The environmental problem addressed is the presence of moisture in recycled polymers and technopolymers, which has detrimental effects on their processability and is responsible for the need of multiple treatments and of the generation of waste or, viceversa, for the need of using plastifying additives to try to recover part of its properties. The dimension of the environmental problem is huge and growing, as it is huge current market and use of plastics and considering that when recycling the polymer, prior to reprocessing, it is mandatory to reduce the water content below 100 ppm, if not the reprocessed materials will be stained by milky areas, spoiled by bubbles, and will present much lower mechanical properties and durability: it would remain waste. For this reason, during last decades, more and more advanced de-moisturizing systems have been used, using hot air, electromagnetic fields, vacuum, but all characterized by an extremely low energy efficiency and by the generation of overtreated products, with detrimental effects on some portion of the recycled materials or granules which are directly exposed to the more intense heat or electromagnetic field action. The overtreated materials present reprocessability problems, in particular regarding viscosity loss and yellowing, which force the manufacturers to add plastifying agents to compensate for this which are one of the major source of pollution for polymers. Moreover, this recovery of overtreated materials implies that new materials and more energy is used in their reprocessing. The introduction of an innovative way to measure in real time moisture content of the materials and to tailor the demoisturizing treatment from case to case, avoiding the use of rough processing parameters during de-moisturizing, would represent an enormous benefit, able to completely nullify the need for overtreatment and the related problems.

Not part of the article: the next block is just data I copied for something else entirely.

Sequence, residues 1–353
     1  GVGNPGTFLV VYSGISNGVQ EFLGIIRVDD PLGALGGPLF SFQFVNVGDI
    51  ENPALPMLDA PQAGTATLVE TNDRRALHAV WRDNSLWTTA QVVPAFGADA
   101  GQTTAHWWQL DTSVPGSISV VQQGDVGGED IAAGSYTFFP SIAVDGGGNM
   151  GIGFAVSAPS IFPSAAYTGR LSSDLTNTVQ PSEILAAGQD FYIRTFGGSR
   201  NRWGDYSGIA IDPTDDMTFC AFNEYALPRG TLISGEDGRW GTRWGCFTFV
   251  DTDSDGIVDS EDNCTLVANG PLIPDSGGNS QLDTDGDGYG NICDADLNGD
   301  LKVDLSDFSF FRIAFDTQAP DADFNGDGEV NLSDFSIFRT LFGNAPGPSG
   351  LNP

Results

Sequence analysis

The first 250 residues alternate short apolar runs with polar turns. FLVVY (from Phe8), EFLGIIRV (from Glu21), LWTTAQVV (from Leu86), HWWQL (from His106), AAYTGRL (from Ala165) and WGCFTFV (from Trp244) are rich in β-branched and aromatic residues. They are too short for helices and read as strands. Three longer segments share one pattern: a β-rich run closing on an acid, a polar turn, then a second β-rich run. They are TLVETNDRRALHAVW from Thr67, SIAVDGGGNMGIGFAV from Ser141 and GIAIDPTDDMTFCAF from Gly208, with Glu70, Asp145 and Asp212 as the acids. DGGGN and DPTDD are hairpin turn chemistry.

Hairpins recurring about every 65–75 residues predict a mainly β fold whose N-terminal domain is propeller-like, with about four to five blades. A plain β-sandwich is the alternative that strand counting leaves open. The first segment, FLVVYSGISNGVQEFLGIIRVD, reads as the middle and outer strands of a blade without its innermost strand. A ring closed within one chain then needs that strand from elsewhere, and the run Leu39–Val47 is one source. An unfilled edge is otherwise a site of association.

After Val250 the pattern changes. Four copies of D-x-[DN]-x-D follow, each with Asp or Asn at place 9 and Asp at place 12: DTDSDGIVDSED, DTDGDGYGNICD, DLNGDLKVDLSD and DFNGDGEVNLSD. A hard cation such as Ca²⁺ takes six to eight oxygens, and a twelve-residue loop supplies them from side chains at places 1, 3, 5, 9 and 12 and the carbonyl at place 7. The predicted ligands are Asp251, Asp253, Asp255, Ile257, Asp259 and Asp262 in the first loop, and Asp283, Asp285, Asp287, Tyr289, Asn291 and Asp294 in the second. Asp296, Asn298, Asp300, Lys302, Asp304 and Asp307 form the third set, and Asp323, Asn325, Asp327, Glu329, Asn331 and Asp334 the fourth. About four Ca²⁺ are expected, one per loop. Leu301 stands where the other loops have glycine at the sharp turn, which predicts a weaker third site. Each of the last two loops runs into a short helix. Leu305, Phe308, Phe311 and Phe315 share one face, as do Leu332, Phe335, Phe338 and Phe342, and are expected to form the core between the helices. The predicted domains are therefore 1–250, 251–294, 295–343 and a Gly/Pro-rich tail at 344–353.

The state of the art regarding de-moisturizing systems for recycling polymeric materials and recycled granules involves the use of heat, electromagnetic fields or vacuum to ensure a rapid and complete removal (down to 100 ppm) of water.
  • hot air is the most used energy vector to provide the latent heat needed to evaporate water;
  • electromagnetic field use infrared or microwaves to generate heat mainly on the surface (infrared) or in the water contained (microwaves);
  • vacuum systems use the fact that lowering the pressure the evaporation occurs at lower temperatures, with possible reduction of degradation problems.
Each one of these techniques presents some disadvantages, due to the way energy is applied:
  • hot air systems are generally not efficient and require a proper exposition of the material to the hot air flux, with also possible thermal damage to the material;